The use of funds in the military is governed by the Joint Ethics Regulation DOD 5500.7-R which has been revised numerous times over the past two decades to stay current. The regulation is not always closely followed when it comes to travel in the government as observed in the 2012 when the General Services Administration spent $822,000 on a conference held in Las Vegas for its employees. "Holy cow — what were they thinking?" said one Army logistics supervisor who asked not to be named because he was not authorized to talk to the media. "Everybody [in my office] is gobsmacked. I'm horrified at what's apparently happened out there." (Medici, 2012) There are areas in the military where the issuance of travel funds have been used as a incentive for soldiers doing their normal duties, but does this fall into the category of abuse of funds?
It is essential that managers and commanders at all levels prevent misuse of transportation resources as well as the perception of their misuse. (Lynn III, 2013) A Soldier could observe the questionable use of funds while in different duty assignments throughout their military career. One issue that a Soldier could find an ethical issue with might involve the abuse of travel funds managed by a unit that might be against the policies set forth from official guidance. Different units in the military are given larger budgets for travel due the nature of their responsibilities and have the ability to manage them with little oversight. A Soldier might observe the unit using these funds for events that could have been conducted at a military installation at no cost to the government. The training conducted, even if necessary, will cost the government more money than required due to the payment of the venue but also the issuance of individual travel orders for all those participating.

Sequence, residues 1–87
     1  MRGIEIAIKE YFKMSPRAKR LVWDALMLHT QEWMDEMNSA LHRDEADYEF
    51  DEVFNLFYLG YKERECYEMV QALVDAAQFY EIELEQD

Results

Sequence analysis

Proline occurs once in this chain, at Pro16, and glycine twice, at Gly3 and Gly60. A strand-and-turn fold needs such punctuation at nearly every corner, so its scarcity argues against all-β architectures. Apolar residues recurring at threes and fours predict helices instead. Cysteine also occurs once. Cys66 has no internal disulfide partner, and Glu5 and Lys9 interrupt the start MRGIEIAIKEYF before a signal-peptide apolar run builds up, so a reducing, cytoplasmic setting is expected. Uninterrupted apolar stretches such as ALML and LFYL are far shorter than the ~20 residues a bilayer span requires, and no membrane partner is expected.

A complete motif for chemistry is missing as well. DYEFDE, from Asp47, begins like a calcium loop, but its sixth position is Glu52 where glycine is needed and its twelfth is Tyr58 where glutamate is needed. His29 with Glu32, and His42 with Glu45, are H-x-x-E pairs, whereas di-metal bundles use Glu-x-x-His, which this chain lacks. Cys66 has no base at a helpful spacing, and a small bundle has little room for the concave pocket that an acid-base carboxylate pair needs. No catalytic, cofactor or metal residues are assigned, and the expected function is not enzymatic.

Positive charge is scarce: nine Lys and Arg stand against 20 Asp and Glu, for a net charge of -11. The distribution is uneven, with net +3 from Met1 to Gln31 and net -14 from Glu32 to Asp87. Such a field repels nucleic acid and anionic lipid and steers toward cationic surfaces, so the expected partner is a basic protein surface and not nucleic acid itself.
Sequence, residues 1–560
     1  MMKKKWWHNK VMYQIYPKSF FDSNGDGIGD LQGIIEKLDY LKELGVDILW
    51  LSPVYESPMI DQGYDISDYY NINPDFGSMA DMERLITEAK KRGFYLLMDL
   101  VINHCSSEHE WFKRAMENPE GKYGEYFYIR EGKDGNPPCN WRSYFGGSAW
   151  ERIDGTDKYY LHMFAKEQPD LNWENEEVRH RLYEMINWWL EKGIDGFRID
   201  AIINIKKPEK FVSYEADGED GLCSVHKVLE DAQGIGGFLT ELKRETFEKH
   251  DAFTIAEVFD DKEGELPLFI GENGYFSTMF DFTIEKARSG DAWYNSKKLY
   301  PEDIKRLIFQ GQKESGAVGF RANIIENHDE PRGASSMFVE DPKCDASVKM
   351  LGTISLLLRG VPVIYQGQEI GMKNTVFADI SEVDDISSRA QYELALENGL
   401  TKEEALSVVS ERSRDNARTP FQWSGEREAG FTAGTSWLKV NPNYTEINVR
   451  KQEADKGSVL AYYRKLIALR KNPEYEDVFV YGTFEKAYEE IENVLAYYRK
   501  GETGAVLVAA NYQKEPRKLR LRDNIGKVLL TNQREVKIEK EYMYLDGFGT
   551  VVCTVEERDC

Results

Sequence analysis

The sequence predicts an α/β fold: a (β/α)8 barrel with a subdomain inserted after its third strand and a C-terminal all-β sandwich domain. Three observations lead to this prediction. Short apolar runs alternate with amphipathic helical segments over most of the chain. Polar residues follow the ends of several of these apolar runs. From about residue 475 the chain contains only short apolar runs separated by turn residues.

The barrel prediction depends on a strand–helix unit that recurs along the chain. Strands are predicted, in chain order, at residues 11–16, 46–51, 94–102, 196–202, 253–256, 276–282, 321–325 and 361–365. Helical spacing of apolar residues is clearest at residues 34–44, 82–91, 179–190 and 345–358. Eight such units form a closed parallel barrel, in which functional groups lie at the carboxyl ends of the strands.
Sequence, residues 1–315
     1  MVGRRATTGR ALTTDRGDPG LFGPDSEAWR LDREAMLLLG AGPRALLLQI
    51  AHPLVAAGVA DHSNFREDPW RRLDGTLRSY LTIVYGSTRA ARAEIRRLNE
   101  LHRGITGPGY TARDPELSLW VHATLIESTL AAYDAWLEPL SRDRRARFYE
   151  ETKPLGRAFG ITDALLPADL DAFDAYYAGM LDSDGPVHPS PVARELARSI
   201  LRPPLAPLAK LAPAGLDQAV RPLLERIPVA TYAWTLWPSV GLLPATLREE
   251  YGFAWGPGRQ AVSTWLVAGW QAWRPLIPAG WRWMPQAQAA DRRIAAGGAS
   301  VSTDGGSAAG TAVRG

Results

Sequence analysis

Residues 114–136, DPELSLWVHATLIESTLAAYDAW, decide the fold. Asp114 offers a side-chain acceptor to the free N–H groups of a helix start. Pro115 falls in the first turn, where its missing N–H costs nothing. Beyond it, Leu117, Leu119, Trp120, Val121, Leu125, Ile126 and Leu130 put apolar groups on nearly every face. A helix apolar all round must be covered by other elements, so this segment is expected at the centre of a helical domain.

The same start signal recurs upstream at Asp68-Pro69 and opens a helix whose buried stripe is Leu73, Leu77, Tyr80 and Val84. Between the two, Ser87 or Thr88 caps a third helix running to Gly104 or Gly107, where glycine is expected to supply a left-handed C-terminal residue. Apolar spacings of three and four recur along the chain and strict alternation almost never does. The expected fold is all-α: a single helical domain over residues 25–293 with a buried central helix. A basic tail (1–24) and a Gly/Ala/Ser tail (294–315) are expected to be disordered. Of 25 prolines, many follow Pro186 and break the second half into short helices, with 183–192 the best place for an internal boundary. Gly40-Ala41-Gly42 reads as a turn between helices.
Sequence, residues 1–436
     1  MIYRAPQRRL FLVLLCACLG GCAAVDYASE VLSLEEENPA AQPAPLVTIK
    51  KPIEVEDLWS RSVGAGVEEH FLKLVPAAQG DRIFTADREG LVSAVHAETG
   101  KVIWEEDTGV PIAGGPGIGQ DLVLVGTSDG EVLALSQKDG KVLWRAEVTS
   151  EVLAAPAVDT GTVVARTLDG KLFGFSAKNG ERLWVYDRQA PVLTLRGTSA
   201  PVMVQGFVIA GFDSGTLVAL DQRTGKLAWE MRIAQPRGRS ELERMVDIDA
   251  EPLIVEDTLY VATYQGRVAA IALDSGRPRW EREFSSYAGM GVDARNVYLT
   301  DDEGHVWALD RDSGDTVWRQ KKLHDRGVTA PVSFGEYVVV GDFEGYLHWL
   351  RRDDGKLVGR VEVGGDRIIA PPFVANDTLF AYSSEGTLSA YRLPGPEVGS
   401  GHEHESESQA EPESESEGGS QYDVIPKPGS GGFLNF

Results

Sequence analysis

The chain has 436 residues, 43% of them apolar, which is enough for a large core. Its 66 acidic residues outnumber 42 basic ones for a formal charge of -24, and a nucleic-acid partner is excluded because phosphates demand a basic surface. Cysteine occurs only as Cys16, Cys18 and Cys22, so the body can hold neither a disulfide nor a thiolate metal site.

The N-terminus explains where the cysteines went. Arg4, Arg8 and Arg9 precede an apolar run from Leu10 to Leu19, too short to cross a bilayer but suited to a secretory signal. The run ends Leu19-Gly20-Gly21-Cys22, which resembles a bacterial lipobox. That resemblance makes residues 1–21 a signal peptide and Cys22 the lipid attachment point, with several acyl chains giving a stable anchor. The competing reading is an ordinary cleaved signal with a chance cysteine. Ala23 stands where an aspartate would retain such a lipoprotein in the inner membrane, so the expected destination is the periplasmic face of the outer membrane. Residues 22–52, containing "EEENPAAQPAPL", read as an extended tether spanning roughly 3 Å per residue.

The first course of action for a Soldier observing the abuse of government funds should be to report it to their Chain of Command. However, this is not always an option due to the offenders might be in that chain. An alternative would be to contact the Office of Inspector General to report the incident. The mission of the Office of Inspector General is to provide independent, relevant, and timely oversight of the Department of Defense that:
Supports the warfighter.
Promotes accountability, integrity and efficiency.
Advises the secretary of defense and Congress.
Informs the public.
Source (Office of Inspector General)
The Office of Inspector General has dedicated personnel in their department to handle situations of government fraud especially when it is dealing with travel. In 2012, General William Ward, Commander of AFRICOM, was relieved of command and subsequently demoted to Lieutenant General when it was reported he had abused government funds. A report by the Defense Department inspector general found that Ward used military vehicles to shuttle his wife on shopping trips and to a spa and billed the government for a refueling stop overnight in Bermuda, where the couple stayed in a $750 suite. The report detailed lengthy stays at lavish hotels for